From Conway to Liverpool in the 1840s
The "Liverpool Daily Post," in a leading article, points out that had Julius Caesar been permitted to revisit Britain in 1801, he would have found little new of moment beyond a new religion and new weapons, but, if Caesar came back this year the daily life of men would be incomprehensible to him, and a whole lifetime would be too short for him to realise and understand the vastness of the changes that have altered the face of the world and profoundly affected the experiences of the human family since men, not yet very old, were born.
The "Post" then goes on to say
" Thoughts such as the foregoing are suggested by a delightful series of papers contributed by a veteran Old Boy to the Liverpool Institute Schools Magazine, and reprinted for private circulation by the writer, who prefers to be known as Diogenes although his identity will be no secret to persons who know anything about the great school in Mount Street. 'Diogenes' paid his first visit to the Institute 59 years ago. It was in 1842 that he left his native town of Conway to come for his education to Liverpool. The journey was a formidable one, and the only means of making it were a sailing smack by sea or a coach by road. Some years before this a small steamer had plied between Liverpool and Conway, but the enterprise was a failure, and the steamer had gone elsewhere. 'Diogenes' took the mail-coach from Conway to the Foryd, passing through Abergele on his way. At this time, Diogenes tells us, there was not a single house on Llandudno Bay. Indeed, a few fishermen's cottages must have been about the only buildings on the Welsh coast between the Great Orme and the Point of Air. At the Foryd Diogenes took a steamer to Liverpool, passing on his journey through the old Hoyle Lake, which in those days could float a fleet at anchor, even at low water.
The landing at Liverpool was by means of a miserable, dirty slope outside the mouth of the old George's Basin, by the side of which the town sewage poured out to meet the arriving visitors. Diogenes' made his way to the Queen's Arms, a large hotel which stood on the site now occupied by the Bank of England, in Castle street. The entrance to Cook street was crossed by an archway, and on the opposite side of Castle street were the offices of three newspapers, and a fourth was published in St. George's crescent, near what is now Penlington's shop. Pool lane had recently been widened, and several pieces of land in South Castle street remained unoccupied. These were the happy hunting ground of the penny gaff men, and in the evening their numberless lamplights, the sound of trumpets, the squeal of the fife, and the beat of drum, the pressing invitations of the showmen (male and female), and the noisy hilarity of the gaping crowd, were a never ending mystery, interest, and delight. Diogenes remembers another place in Lime Street, south of St. John's Lane, with another saturnalia of the same kind, but of lower character. Not far away the old Islington Market, in Commutation Row, where the Duke's statute and the Steble fountain now stand, was the home of panorama, cyclorama, and exhibition, so that all classes were provided with amusement. Behind what is now the Art Gallery, on high ground, stood a windmill, and Diogenes confesses that it was his fate to try to sleep for years under the noisy flapping of its wings and the hoarse grating of its grinding stones.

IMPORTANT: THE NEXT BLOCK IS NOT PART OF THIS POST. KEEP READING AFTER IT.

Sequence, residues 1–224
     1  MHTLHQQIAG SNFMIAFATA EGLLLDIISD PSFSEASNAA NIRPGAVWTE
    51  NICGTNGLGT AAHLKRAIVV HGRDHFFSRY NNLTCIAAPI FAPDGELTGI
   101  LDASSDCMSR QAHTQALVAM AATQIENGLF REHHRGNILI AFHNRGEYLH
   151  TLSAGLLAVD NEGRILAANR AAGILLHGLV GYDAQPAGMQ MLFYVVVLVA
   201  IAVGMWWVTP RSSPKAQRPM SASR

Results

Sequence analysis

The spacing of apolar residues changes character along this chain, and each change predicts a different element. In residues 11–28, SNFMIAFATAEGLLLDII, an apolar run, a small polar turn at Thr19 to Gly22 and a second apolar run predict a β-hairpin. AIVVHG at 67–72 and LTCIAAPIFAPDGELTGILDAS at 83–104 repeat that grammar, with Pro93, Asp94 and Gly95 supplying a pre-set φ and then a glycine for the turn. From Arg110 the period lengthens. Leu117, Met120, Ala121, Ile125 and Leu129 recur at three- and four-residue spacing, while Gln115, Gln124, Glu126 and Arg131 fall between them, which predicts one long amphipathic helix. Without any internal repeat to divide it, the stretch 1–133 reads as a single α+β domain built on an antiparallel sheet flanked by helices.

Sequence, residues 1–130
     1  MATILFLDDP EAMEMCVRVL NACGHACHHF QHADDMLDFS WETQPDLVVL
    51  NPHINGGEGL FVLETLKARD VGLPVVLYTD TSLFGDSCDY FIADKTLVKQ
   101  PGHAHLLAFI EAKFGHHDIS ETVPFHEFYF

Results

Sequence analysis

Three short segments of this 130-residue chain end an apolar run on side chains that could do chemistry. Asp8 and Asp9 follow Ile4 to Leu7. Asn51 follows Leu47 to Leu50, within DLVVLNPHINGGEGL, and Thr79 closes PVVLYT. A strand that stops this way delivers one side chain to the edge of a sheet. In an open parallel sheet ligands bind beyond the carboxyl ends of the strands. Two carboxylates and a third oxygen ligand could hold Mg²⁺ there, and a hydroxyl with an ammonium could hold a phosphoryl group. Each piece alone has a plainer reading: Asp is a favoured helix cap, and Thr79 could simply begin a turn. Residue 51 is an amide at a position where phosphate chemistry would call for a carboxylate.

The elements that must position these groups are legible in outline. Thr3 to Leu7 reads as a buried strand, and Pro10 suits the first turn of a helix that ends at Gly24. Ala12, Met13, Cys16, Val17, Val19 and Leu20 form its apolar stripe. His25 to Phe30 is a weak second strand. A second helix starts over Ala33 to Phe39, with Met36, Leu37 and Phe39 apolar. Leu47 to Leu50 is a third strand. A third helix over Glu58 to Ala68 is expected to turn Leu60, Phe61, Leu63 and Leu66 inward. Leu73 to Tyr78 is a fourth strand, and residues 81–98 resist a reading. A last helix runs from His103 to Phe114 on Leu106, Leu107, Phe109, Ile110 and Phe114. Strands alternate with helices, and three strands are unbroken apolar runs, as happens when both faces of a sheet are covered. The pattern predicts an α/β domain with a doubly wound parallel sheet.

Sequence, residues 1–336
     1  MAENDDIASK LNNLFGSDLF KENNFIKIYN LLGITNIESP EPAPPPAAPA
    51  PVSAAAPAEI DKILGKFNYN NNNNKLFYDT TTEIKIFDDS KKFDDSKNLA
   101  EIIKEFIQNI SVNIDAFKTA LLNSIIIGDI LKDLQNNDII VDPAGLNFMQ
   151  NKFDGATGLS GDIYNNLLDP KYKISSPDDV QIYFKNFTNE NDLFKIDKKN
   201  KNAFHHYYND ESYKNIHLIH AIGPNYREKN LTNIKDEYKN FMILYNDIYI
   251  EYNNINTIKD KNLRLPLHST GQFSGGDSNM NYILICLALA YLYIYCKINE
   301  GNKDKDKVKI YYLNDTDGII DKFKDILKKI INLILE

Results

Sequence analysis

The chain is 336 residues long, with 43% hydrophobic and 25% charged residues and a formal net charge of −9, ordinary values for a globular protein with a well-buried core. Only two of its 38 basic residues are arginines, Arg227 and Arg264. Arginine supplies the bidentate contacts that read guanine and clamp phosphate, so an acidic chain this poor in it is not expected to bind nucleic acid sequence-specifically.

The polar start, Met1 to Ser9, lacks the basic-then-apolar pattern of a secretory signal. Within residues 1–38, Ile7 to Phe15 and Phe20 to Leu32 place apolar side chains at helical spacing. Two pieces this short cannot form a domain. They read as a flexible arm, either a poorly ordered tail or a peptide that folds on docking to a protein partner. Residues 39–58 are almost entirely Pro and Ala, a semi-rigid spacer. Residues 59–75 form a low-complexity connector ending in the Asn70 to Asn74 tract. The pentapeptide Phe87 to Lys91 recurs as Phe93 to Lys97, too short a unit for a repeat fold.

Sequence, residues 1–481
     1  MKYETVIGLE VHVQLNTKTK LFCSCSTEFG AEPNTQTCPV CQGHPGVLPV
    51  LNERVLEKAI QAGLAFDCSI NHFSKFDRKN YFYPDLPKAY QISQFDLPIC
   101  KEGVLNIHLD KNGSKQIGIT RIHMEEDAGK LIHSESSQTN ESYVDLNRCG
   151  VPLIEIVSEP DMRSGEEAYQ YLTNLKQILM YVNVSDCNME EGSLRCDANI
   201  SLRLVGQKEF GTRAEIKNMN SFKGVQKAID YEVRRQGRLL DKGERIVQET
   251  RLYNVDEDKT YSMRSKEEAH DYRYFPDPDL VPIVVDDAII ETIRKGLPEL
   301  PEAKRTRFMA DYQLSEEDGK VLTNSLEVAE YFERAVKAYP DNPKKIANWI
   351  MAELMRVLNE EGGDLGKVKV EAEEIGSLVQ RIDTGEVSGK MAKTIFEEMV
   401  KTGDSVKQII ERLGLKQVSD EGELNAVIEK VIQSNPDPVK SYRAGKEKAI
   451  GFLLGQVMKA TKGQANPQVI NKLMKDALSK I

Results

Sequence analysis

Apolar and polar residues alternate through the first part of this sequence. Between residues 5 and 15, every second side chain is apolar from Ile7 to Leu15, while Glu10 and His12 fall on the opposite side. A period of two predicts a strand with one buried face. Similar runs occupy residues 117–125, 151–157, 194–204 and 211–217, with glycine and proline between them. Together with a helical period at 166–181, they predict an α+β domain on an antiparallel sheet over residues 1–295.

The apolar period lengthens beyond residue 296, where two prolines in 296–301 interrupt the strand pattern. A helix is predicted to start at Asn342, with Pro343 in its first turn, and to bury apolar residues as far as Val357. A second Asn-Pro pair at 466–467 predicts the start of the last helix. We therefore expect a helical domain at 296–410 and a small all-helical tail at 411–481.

Among other sights which Diogenes was taken to see was a large, terribly frowning build in Great Howard Street, near our new Northern Hospital. It was called the French Prison, for in it were confined the captured soldiers and sailors in the wars with Bondy Bandy, our boyish name for Napoleon. The Zoological Gardens in West Derby Road, were then at the height of their prosperity. The road to them from the Necropolis eastward was a country lane, with a thorn hedge on each side. At the gardens Diogenes saw the great elephant Rajah of whose wonderful intelligence some dim fame has come down even unto the present time. If we remember rightly, Rajah, in a fit of anger, killed his keeper, and suffered the doom which the law prescribes for murder. A centrifugal railway, a fearsome contrivance revived in recent years, was in the grounds, and the evening of Diogenes's visit ended with a display of fireworks representing an eruption of Vesuvius a little pond in the gardens did duty on such occasions for the Bay of Naples.
The last evening of Diogenes's stay in Liverpool was spent at the Institute, where in twenty large rooms were displayed articles illustrating arts, sciences, manufactures, and curiosities of various kinds. In the lower school yard were a diving-bell and models of steam engines and steamboats. The boats had real engines which drove them through water in large iron tanks. To crown all, Samuel Lover, the author of Handy Andy, gave an entertainment in the Lecture Hall. Of his return to Conway, Diogenes may tell his own story. In the Canning Dock lay a pretty little brigantine loaded with salt, and to sail next day for Newcastle-on-Tyne. She had been built by my grandfather, and named by him after my mother and his other four daughters, the Five Sisters,' and was still owned by his family. The captain said he would take us to Llandudno Bay. It would be little out of his way, the weather was fine and bright, and the wind fair. We went on board and sailed early next morning. In the evening the ship's punt landed us at Llandudno (not one house on the bay then), a car met us, and so it happened that we escaped all safe to our starting point.